Objective: Performing high-quality cardiopulmonary resuscitation immediately before electrical defibrillation serves as an important predictor of shock success. Long preshock pauses in cardiopulmonary resuscitation frequently occur, as noted by recent clinical investigations. We sought to determine whether these long pauses were due to difficulties in identifying shockable rhythms or rather due to local factors during resuscitation attempts.
Design: Prospective in-hospital study of cardiac arrest resuscitation attempts coupled with a retrospective review of preshock pause rhythms by 12 trained providers. Reviewers scored rhythms by ease of identification using a discrete Likert scale from 1 (most difficult to identify) to 5 (easiest to identify). The resuscitation cohort was organized into preshock pause-duration quartiles for statistical analysis. Resident physicians were then surveyed regarding human factors affecting preshock pauses.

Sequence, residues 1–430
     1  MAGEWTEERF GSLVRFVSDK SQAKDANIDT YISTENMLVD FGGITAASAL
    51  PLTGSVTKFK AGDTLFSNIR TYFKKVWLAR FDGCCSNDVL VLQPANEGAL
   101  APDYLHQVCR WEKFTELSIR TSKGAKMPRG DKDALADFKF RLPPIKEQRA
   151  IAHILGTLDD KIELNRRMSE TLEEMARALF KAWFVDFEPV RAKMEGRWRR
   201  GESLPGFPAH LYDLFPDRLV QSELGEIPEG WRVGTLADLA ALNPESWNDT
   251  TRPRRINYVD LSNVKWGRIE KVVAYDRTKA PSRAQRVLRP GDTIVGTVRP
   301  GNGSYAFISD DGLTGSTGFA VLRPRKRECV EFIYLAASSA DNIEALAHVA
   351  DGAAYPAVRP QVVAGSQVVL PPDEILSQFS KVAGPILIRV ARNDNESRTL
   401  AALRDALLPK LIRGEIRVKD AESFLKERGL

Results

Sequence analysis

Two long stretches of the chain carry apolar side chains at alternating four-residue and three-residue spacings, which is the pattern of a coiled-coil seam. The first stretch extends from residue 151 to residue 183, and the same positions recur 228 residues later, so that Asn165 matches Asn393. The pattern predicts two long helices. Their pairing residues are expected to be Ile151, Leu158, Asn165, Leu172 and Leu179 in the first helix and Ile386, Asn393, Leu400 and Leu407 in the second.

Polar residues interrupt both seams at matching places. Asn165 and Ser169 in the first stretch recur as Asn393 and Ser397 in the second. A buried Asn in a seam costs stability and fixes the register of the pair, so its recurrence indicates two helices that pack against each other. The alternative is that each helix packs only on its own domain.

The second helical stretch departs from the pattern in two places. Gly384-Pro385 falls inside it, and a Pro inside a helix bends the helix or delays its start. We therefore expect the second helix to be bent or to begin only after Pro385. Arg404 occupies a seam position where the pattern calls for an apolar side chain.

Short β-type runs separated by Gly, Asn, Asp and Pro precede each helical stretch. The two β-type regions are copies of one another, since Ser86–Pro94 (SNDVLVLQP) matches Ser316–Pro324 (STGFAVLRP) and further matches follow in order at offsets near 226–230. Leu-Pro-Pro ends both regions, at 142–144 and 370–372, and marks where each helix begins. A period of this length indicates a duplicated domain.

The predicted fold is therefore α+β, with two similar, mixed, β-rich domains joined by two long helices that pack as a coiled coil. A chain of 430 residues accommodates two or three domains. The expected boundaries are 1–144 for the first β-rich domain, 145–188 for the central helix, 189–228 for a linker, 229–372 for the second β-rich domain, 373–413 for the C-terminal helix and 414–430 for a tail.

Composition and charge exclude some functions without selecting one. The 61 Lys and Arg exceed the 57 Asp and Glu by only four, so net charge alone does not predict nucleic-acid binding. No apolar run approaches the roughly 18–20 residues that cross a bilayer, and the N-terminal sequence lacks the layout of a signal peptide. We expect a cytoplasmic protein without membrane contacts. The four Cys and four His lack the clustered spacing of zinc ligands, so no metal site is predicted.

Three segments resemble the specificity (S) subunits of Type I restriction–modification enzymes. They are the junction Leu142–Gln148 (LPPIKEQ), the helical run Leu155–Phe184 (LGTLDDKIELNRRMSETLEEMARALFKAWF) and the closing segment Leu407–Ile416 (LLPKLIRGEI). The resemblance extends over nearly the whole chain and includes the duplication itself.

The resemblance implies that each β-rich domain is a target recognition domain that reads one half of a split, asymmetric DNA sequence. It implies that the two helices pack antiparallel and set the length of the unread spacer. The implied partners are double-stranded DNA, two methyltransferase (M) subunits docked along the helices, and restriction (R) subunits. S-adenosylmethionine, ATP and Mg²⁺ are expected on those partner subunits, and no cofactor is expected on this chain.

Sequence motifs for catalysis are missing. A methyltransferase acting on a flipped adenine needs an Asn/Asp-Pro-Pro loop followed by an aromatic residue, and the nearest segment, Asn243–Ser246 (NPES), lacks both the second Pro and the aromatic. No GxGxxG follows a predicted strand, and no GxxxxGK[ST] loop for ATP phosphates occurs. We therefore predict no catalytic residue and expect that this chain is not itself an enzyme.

Results: A total of 118 preshock pauses from 45 resuscitation episodes were collected. When evaluated by quartiles of preshock pause duration, difficulty of rhythm identification did not correlate with increasing pause time. In fact, the opposite was found (longest preshock pause quartile of 23.8-60.2 secs vs. shortest pause quartile of 1.1-7.9 secs; rhythm difficulty scores, 3.2 vs. 3.0; p = .20). When 29 resident physicians who recently served on resuscitation teams were surveyed, 18 of 29 (62.1%) attributed long pauses to lack of time sense during resuscitation, and 16 of 29 (55.2%) thought that room crowding prevented rapid defibrillation.
Conclusions: Long cardiopulmonary resuscitation pauses before defibrillation are likely due to human factors during the resuscitation and not due to inherent difficulties with rhythm identification. This preliminary work highlights the need for more research and training in the area of team performance and human factors during resuscitation.